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Meet Erin Vogel of I Grow Chicago in Englewood

Today we’d like to introduce you to Erin Vogel.

Erin, please share your story with us. How did you get to where you are today?
Growing up, every shooting star I saw, wishbone I broke, and birthday candles I blew out, I would wish for the same thing– world peace. I was born and raised in Central Illinois in a very supportive, loving household. I knew what peace felt like and I knew that I wanted to share it with the world.

I’ve loved the city of Chicago since my first White Sox game at age 3. I’ve been fascinated with social justice issues and how people navigate systems designed to oppress since I was a kid. My mom, Cathy, is a clinical therapist and has a private practice in McLean County’s Juvenile Detention Center. I would always ask her questions about her work and she was instrumental in my desire to work in the social justice field. In 2008, I moved from my small farm town to Chicago to study Sociology and Criminal Justice at the University of Illinois at Chicago. After graduation, I went into the real estate and tech field.

Clear on my purpose in life, but not living it, I began to look for a way to get involved in the Englewood community. I was in a personal and professional development course and wanted to make difference– I had a grand plan of putting together a “peace summit” for teens and ran my plans by I Grow Chicago founder, Robbin Carroll. Robbin wasn’t crazy about my idea and when I asked why she said something that forever changed my life, “it’s great to talk about peace, but these kids don’t know peace the way you do, some of them may have never felt at peace.”

Instead of a peace summit, I created a photo interview series where I got to connect with I Grow Chicago community members and share their stories. In 2016, I left my full-time job to pursue work at I Grow Chicago. I have learned more about the community and the issues that they are facing through building relationships with the neighbors and visitors of I Grow Chicago’s Peace House. In the two years that I have been on staff, we’ve grown as an organization and are now expanding to build a Peace Campus.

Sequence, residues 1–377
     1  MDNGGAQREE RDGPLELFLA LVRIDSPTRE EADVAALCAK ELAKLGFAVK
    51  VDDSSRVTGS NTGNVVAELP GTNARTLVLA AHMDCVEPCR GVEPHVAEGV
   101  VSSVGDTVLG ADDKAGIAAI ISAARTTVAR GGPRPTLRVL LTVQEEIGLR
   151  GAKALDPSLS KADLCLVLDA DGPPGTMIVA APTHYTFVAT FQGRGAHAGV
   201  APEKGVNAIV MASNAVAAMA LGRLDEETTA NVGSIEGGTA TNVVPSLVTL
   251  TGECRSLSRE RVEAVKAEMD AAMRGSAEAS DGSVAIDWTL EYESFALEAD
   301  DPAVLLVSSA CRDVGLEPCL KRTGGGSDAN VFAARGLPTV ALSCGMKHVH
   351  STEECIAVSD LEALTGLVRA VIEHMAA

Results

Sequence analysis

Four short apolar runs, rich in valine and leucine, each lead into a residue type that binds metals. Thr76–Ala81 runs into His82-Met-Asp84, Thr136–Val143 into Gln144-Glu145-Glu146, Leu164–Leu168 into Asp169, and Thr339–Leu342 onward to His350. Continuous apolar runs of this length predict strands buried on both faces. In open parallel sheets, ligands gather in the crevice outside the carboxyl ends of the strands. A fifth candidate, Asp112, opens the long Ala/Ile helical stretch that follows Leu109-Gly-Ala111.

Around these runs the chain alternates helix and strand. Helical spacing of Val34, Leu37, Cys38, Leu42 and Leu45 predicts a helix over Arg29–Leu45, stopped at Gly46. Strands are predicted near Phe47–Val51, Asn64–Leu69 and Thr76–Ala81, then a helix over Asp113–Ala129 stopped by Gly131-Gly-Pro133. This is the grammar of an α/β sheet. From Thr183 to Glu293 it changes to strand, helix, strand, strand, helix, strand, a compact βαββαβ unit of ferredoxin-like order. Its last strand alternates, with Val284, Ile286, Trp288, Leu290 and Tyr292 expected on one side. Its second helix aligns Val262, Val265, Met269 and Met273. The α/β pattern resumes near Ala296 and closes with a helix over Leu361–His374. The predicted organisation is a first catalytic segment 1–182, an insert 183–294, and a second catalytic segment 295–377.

Has it been a smooth road?
The work I do isn’t easy. I wear many hats at I Grow Chicago. I am a case manager, an unlicensed therapist, a janitor, a teacher, a secretary, a yoga instructor, and a restorative justice practitioner. Many days, it feels like I have the lives of people in my hands. Grateful for the connection and trust to guide the community through surviving to thrive, it can challenging.

In September of 2017, I was about 20 feet away from a man who was shot in a drive-by shooting. Thankfully, no one was killed, but the incident definitely traumatized me. For the first time in my life, I found myself not being able to control my emotions and even body– finding that when triggered I would sometimes burst into tears. Now I know that I experience PTSD, something that many of the kids and neighbors I work with also face, but theirs is continual.

Every day, I witness the harm that society has done to the community that I serve and love. Systems designed to oppress led to the amount of gun violence and poverty we see now. From schools closing down to police violence, to unsafe drinking water, to predatory lending that led to massive foreclosures, harm is being created and perpetuated on a daily basis and that will affect generations. Trauma is one of the biggest threats to our nation and we at I Grow Chicago do our best to heal together, as a community. My team and I work to rewrite the narrative of what people think Englewood is.

So let’s switch gears a bit and go into the I Grow Chicago story. Tell us more about it.
I Grow Chicago started in the streets, is supported by the streets, and is transforming the streets. We are creating a culture of hope in Englewood, with a community ready to make a difference. All of our programs work to combat the traumatic effects of violence and poverty. Through our multi-modal approach, we foster thriving individuals and communities.

I am a jack of all trades at I Grow Chicago and have described my job as one similar to a triage unit of a hospital. We specialize in building meaningful connections with the community around I Grow Chicago’s Peace House and building and strengthening connections to the world outside of Englewood. We as an organization are known for the work we are doing to transform the lives of neighbors on what was formally one of the most violent blocks in the city. Our organic roots of hiring community members in rehabbing a home previously up for demolition and turning it into a Peace House with healing based programs have allowed us to slowly break down barriers and provide a space of connection and belonging.

I tell people that we are in the business of hope. I am most proud that the community built our Peace House, run our programs, and are actively participating in the expansion of a Peace Campus.

How do you think the industry will change over the next decade?
Ideally, in the next 5-10 years, every child would have access to equal education, our neighbors wouldn’t go hungry, and gun violence would stop because we were able to heal generations of harm and trauma created by racist, systemic oppression.

I Grow Chicago has to be able to flow. Because we are embedded in the community, we must be able to move with them and do what they do when they ask.

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